Physicians’ Network Virtual Event

Physicians’ Network Events are held twice a year, in April and October and are organized by the Health and Development Committee, which is facilitated by the Collaboration’s Manager of Health and Development. These events are spaces for health professionals, and the broader early childhood care and education community to learn about, and explore, key issues in children’s healthy development. To see past Physicians’ Network Events, visit our Health Professionals Resources page. 

On Tuesday, April 19; 7:00 AM  we invited you to hear the story of how Early Intervention has changed as a result of the COVID-19 pandemic. The Spring 2022 Physicians’ Network Event is titled: “I Feel Like I’m Being Coached”: Family and Provider Perspectives of Early Intervention Services Delivered through Telehealth. You can view a recording of the April event below. You can also follow along using the presentation deck here, and see a collection of resources on their Resource Handout

If you would like to dig deeper into this interesting topic, you can find Little and Stoffel’s article, “Adaptations to Early Intervention Service Delivery During COVID-19” published in the July 2021 issue of The Open Journal of Occupational Therapy here.

Lauren Little (Presenter)

Lauren Little (Presenter)

PhD, OTR/L (Occupational Therapist, Registered, Licensed)

Lauren Little serves as Associate Dean of Research in the College of Health Sciences and Associate Professor in the Department of Occupational Therapy at Rush University. Dr. Little has a clinical background in occupational therapy and a PhD in Occupational Science. Dr. Little’s research expertise is in innovative service models for families of children with neurodevelopmental conditions, and has led a number of projects examining the feasibility, acceptability, and efficacy of occupational therapy delivered through telehealth. She is also a committee member for the IL Early Intervention Interagency Coordinating Committee’s Telehealth Workgroup.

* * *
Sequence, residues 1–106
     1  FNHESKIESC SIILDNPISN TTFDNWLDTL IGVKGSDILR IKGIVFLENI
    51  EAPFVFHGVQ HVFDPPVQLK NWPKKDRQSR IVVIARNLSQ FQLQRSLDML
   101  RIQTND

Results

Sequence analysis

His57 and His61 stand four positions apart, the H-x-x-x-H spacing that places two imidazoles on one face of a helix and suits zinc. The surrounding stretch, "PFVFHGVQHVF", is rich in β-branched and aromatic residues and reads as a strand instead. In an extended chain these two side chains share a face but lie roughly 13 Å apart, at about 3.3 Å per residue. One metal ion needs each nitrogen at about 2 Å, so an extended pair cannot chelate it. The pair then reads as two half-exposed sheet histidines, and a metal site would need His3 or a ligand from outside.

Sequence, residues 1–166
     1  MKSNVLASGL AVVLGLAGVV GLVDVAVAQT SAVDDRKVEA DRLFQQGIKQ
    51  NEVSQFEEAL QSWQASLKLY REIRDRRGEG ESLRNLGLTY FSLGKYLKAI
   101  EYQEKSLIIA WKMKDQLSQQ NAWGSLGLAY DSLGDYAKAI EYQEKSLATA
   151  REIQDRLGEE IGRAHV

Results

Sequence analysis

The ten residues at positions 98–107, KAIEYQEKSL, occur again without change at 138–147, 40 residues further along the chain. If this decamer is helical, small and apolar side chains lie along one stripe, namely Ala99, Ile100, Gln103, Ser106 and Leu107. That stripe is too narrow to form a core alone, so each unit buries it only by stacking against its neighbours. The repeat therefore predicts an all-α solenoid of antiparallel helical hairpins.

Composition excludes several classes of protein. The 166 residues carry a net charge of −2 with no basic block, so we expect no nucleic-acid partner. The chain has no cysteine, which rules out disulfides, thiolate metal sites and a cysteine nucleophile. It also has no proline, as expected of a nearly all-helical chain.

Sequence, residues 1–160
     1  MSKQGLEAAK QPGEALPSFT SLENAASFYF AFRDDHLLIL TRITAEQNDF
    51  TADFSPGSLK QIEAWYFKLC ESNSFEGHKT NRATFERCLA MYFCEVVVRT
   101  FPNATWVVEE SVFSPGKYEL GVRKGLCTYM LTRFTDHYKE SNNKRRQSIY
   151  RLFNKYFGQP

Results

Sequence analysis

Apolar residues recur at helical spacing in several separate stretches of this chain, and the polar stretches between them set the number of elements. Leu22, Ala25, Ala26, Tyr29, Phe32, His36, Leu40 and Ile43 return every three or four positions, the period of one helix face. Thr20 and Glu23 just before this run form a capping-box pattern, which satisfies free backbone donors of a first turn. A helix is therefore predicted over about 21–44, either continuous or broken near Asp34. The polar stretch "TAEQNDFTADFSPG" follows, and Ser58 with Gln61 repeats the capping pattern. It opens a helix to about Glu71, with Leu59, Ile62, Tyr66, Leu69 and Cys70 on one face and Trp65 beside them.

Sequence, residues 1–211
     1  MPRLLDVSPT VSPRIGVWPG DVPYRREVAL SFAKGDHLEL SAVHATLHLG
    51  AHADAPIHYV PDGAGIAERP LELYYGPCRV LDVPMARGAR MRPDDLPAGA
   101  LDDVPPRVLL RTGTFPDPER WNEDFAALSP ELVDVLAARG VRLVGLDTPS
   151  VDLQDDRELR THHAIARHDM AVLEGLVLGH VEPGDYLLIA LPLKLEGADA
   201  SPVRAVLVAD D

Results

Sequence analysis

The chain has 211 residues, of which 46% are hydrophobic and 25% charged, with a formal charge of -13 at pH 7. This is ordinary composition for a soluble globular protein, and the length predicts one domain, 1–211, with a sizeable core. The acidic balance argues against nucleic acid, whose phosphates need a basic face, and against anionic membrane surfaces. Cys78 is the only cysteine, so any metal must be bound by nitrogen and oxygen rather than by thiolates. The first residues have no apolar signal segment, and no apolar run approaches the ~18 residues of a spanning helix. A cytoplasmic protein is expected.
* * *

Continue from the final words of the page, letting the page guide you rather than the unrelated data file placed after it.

Ashley Stoffel (Contributor)

Ashley Stoffel (Contributor)

OTD (Doctor of Occupational Therapy), OTR/L (Occupational Therapist, Registered, Licensed), FAOTA (Fellow of the American Occupational Therapy Association)

Dr. Stoffel is a Clinical Associate Professor in the Department of Occupational Therapy at the University of Illinois at Chicago. She is the director of the UIC OT Faculty Practice: Children, Youth & Families which provides occupational therapy services to children and families in the Chicago area. Dr. Stoffel serves as the occupational therapy discipline and training coordinator for the Illinois Leadership Education in Neurodevelopmental and related Disabilities (LEND) Program. Dr. Stoffel’s scholarly interests include promoting family engagement with young children and families in diverse Early Intervention and community settings. She is the co-facilitator of the American Occupational Therapy Association Early Childhood Community of Practice; co-founder and facilitator of the IL Early Intervention and Schools Community of Practice; and is actively engaged at the local, state and national level in early childhood groups, resource development and presentations.

About I feel like I’m being Coached”: Family and Provider Perspectives of Early Intervention Services Delivered through Telehealth

The COVID-19 pandemic changed the way early intervention (EI) services are provided to children and their families in fundamental ways, as systems made the rapid shift to telehealth service delivery in April 2020. While previous findings point to families’ acceptability and satisfaction with telehealth delivered services in pediatrics (e.g., Wallisch et al., 2019), such data was limited to participants enrolled in these research studies.

Understanding the experiences of families and providers transitioning to telehealth during the pandemic is key to optimizing the potential benefits offered through this service delivery approach. The COVID-19 pandemic created a natural opportunity to measure acceptability, satisfaction, and perceived efficacy of telehealth delivered early intervention services from both EI provider and family perspectives. In this presentation, we will describe survey data from family and provider perspectives on telehealth delivered EI services in Illinois from two points during the COVID-19 pandemic, July 2020 and March 2021. During this session, participants will have an opportunity to reflect on the shared examples, discuss lessons learned, and identify challenges and solutions for using telehealth as a service delivery option in early intervention.

Learning Objectives:

Participants will:

  • Identify opportunities and challenges related to early intervention (EI) services delivered via telehealth in Illinois, with an emphasis on reported caregiver acceptability and satisfaction of EI services.
  • Describe ways the presented data informs education and advocacy efforts to advance telehealth in EI in Illinois.
Get ready to think innovatively, and engage in data to uncover how telehealth services can best be used for Early Intervention.

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